10 Cookout Tricks That'll Make You a Seasoned Grill Master
Barbecue season: it's the perfect time to play with fire, produce your best burger ever (until next year that is), and find even more ways to make beer a part of your daily life. However, even a grilling badass occasionally gets stumped by minor BBQ problems. No worries: We've got solutions!
If you're out of kindling, never fear: a bag of chips will work just dandy to start and feed that flame. Doritos is a popular one, but apparently all kinds of chips work, from Cheetos to tortilla to potato.
As TheDoWhat points out in the above video, Doritos burn so damn well it's a wonder they're used for anything else. They're also great as an emergency MacGyver-style candle, so keep that in mind the next time you have a power outage.
Making turkey or beef patties is much easier if you don't have to stop and clean your hands in between. Fortunately, the solutions aren't complicated: wet your hands thoroughly with cold water or lightly slick them in oil beforehand and you'll be able to make quite a few patties. You can also wear food-safe latex gloves (the non-powdered kind, of course) if you're really mass-producing burgers.
Be sure to get the full rundown on why hand-formed patties are best (and how to keep those hands meat-free) here.
It's easy to get distracted when you're barbecuing. But if you take a couple of precautions when prepping your burgers, you'll keep them from overcooking while you accept a popsicle or run to the cooler for another beer.
Mixing one or two tablespoons per pound of ground beef will make burgers extra moist. If the problem is making sure the patty stays medium or medium-rare, place a disc of butter or an ice chip in the center of the patty to ensure it stays nice and pink.
If you're not a fan of mayo or butter (sacrilege!), you have other options, including full-fat Greek yogurt or asking your butcher to grind in a strip or three of bacon into the ground round. Get all the tips here.
Let's let Brady do the talking:
"Wood planks are exactly what they sound like: planks of wood. They are thin slabs of hardwood, and are used as a pan of sorts for grills. They both allow the food to be protected from the direct flame and grates, and they impart the flavor of the wood into the dish."
"You can get a variety of different woods, each with a unique flavor (if you want to know what flavor the wood has, just smell it!). My personal favorite wood is cherry, but you really can't go wrong. Heck, if you happen to have some felled hardwood on your property, you can even cut yourself a grilling plank!"
To learn more about where to buy and how to reuse your wood planks, read the full guide here.
My love for grilling on these pink slabs of magic is well-documented. The combination of heat, a giant slab of salt, and fresh food produces results that are tender, flavorful, and juicy. You can even cook on Himalayan salt blocks over electric or gas stoves, but the added smokiness of a grill makes the final product well-nigh irresistible.
Learn more about Himalayan salt blocks, how to cook on them, how to care for them, and where to get them here.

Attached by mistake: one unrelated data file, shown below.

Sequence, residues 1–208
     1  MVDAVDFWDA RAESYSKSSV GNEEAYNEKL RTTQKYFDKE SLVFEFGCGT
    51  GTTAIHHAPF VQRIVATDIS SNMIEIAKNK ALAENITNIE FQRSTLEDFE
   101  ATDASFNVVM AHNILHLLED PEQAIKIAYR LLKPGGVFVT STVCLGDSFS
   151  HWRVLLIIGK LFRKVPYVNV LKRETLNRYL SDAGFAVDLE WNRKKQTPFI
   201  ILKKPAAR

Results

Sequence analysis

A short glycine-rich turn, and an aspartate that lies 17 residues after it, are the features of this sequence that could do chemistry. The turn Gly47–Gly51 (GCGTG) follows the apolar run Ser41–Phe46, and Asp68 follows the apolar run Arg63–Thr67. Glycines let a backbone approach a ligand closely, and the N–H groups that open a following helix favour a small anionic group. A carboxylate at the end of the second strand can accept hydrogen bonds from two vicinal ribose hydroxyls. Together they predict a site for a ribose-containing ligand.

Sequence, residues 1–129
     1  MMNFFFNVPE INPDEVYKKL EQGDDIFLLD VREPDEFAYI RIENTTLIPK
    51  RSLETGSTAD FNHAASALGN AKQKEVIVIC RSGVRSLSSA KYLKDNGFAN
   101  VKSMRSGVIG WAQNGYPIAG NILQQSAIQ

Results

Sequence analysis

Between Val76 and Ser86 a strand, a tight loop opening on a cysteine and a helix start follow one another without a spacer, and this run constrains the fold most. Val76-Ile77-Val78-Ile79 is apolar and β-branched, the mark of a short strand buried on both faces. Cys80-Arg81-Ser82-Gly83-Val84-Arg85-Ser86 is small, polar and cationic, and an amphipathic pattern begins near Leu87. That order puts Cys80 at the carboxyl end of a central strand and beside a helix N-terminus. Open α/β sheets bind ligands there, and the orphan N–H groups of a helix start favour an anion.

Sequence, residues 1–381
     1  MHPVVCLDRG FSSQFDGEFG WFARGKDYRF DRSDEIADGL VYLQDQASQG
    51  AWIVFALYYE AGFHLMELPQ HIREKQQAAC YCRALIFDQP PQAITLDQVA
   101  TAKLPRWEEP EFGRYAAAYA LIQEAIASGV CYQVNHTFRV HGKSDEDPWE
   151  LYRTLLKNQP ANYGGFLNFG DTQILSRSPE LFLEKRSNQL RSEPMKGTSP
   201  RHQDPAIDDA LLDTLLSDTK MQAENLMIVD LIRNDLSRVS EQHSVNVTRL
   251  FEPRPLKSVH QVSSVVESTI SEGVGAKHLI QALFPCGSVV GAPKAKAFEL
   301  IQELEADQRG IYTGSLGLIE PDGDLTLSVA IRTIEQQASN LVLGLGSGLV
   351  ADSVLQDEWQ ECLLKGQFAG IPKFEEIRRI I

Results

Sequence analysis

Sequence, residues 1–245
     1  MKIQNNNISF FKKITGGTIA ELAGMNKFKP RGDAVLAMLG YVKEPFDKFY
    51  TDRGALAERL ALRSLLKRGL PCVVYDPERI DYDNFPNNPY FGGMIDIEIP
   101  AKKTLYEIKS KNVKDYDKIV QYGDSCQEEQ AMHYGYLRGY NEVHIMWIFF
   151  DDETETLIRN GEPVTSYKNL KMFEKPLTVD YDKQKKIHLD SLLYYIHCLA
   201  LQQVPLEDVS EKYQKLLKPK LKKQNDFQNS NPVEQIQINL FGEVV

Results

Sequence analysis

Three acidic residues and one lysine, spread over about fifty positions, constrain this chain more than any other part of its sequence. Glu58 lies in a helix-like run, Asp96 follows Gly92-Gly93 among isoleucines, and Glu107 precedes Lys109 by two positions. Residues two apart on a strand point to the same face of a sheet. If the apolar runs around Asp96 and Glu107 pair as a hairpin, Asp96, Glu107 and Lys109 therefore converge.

Grilled fish is so tasty, but it can stick to even oiled-up grates or, even sadder, fall through the slats and end up burning on the coals. You can prevent this mishap and add a ton of extra flavor by placing your fish on top of lemon slices to add an excellent, charred smokiness + burst of citrus flavor to your fish.
There are two ways to go about this: you can either use squeezed-up lemon slices (there are almost always dozens left around after prepping for a BBQ, whether you were making vinaigrette or drinks). You can also use whole citrus slices for charring and use the resulting flavorful juice on top of your fish or veggies.
Some might protest that the lemons will taste a little fishy, but I personally don't mind that. If that might bother some of your guests, skip that step and go with the squeezed-out slices instead.
Chicken is wonderful cooked on the grill, but its irregular shape—thick in some spots, thin in others—means that getting it to cook uniformly is difficult.
Men's Health has a happy solution: butterfly (or spatchcock) your chicken, and place it on your grill under a foil-wrapped brick. The weight means the meat will cook evenly and ensure that all the chicken skin comes in contact with the heat and get crispy.
Burgers, steaks, chicken, fish: all the usual suspects are tasty when grilled, but your grill can be used to even greater effect on items like pineapple, watermelon, and pizza. Just look at that crust!
Not only is the grill the perfect way to add an extra depth of flavor to your pizza, the high heat helps the toppings meld extra quickly:
It's always a good idea to make your grill do double-duty. While you're cooking food, you can also make smoked salt. Not only does it taste fantastic, it'll give your foods that amazing smoky flavor even on rainy days or when the weather doesn't allow you to cook outdoors.
If you don't like cleaning your grill grates with an onion or some aluminum foil, then don't bother cleaning them at all. At least, not right after you're done grilling. Wait until it's completely cool, then soak the grates in an ammonia solution for a night, then wipe away the dirt without any scrubbing. See the details here.